Tag Archives: fogliano

Day 93 – When Green Becomes Tomatoes

As you will know if you follow this blog, we thoroughly enjoyed reading Julie Fogliano’s “and then it’s spring” on Day 80 of our storybook year. Imagine our delight when we discovered “When Green Becomes Tomatoes”, a book of verse about the seasons by Ms. Fogliano, which was released on March 1, 2016. The timing was just right for us to put it on the list for April…National Poetry Month…and boy, are we glad we did!

GreenThis charming book is a compilation of short, free verse poetry presented as a series of journal entries. The journal begins and ends on March 20, the vernal equinox, and there are poems scattered intermittently on days throughout the year in between (I hesitate to say that they are scattered randomly…that may be the case, but the author may have some intentional pattern that I haven’t noticed yet). The delightfully evocative prose captures how I imagine a child would view, and experience, the changing of the seasons – conveying a sense of wonder in the process. Ms. Fogliano finds ways, with short clauses and carefully chosen words, to present ideas in a creative and intriguing way which really appealed to us. I paused periodically while reading to ponder what she was saying, and thought to myself, “I wouldn’t have thought to describe it that way…but it absolutely makes sense.”  We appreciated the way that each season is welcomed in it’s time – the writer is clearly ready for each transition to take place.

Ms. Morstad’s  illustrations are a perfect complement to Ms. Fogliano’s poetry – presenting playful and colorful images of children interacting with the changing seasons. We love Ms. Morstad’s artwork, in “When Green Becomes Tomatoes” as well as in “How To” and “This Is Sadie” – two other books which we own and will be reading and reviewing here later this year.

There wasn’t a poem in this book that we didn’t enjoy. We had a lot of fun taking turns reading aloud and presenting different vocal interpretations of each poem, followed by extensive discussion in some cases. It was a truly interactive and fulfilling read-aloud experience!


Day 80 – and then it’s spring

In honor of the first day of spring today we read a whimsical, wonderful book about a little boy and his animal friends waiting for the season to start. The story begins with the little boy, his scarf blowing in the wind and his nose red from the cold, looking into the distance across a barren brown landscape: “First you have brown, all around you have brown…” The text (“First you have…”), the boy’s distant gaze, and the expectant tilt of his dog’s head convey a sense of anticipation…something is coming.spring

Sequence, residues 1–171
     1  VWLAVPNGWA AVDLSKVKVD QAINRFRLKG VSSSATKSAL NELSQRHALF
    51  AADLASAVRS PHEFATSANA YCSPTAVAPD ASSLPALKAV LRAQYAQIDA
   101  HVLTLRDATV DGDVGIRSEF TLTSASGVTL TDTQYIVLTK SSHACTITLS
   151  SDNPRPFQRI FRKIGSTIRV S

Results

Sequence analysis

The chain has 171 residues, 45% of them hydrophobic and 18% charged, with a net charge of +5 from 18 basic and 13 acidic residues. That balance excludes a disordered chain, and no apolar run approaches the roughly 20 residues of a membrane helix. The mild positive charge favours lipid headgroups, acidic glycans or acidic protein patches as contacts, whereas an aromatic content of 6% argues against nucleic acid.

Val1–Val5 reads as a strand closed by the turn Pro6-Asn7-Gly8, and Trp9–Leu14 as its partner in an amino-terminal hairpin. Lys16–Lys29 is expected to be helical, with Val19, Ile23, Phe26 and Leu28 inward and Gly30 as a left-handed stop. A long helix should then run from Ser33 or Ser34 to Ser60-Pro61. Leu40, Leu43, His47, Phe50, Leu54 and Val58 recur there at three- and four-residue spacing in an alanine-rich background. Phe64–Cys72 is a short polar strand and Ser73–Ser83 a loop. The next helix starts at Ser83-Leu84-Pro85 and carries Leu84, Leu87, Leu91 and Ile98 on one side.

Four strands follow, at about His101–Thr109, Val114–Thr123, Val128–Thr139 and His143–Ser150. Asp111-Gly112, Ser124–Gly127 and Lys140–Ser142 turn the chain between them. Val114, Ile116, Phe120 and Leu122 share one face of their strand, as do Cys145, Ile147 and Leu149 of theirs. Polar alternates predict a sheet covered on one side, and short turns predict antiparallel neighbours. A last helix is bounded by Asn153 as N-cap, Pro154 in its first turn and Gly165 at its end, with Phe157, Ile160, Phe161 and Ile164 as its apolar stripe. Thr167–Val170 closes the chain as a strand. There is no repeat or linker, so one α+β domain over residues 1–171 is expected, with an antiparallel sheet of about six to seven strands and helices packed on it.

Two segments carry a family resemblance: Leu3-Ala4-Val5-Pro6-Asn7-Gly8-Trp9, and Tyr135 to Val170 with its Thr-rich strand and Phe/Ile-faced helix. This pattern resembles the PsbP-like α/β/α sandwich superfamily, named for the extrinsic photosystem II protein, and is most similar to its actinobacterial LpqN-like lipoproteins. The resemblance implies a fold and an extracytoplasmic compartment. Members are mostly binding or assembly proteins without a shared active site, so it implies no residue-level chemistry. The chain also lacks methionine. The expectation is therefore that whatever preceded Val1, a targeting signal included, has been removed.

Eager to help spring arrive as soon as possible, the boy plants seeds…and he waits. He inspects his handiwork…and he waits. He sits in his little red wagon and fears that his seeds have been devoured by fat little birds or stomped by clumsy bears…and he waits. He sets out bird feeders and hangs a tire swing…and he waits. Meanwhile, underground there is a riot of activity…a “greenish hum” which you can hear “if you put your ear to the ground and close your eyes.” And eventually, one day he walks out and all that brown isn’t around…instead “all around you have green.”

“and then it’s spring” by author Julie Fogliano and illustrator Erin E. Stead is a sweet and lovely book which we thoroughly enjoyed – in English and then in a Spanish translation as well. primaveraLike Kevin Henkes’ “Waiting”, “and then it’s spring” does a marvelous job of combining limited but well-chosen prose with beautifully detailed and subtly humorous artwork to effectively capture what I imagine waiting must feel like through the eyes of a child. We were particularly fond of Ms. Stead’s drawings: the little boy’s confident and determined posture as he pulls his wagon full of gardening supplies, the haphazard arrangement of seed mounds in the little boy’s garden, the little animal vignettes taking place all around him, and especially the small variations from page to page that hint of the coming change in seasons. I recommend reading the book once through to get the flow of Ms. Fogliano’s text first, followed by a slower second pass to truly savor all the fascinating and funny details Ms. Stead has managed to work into every page.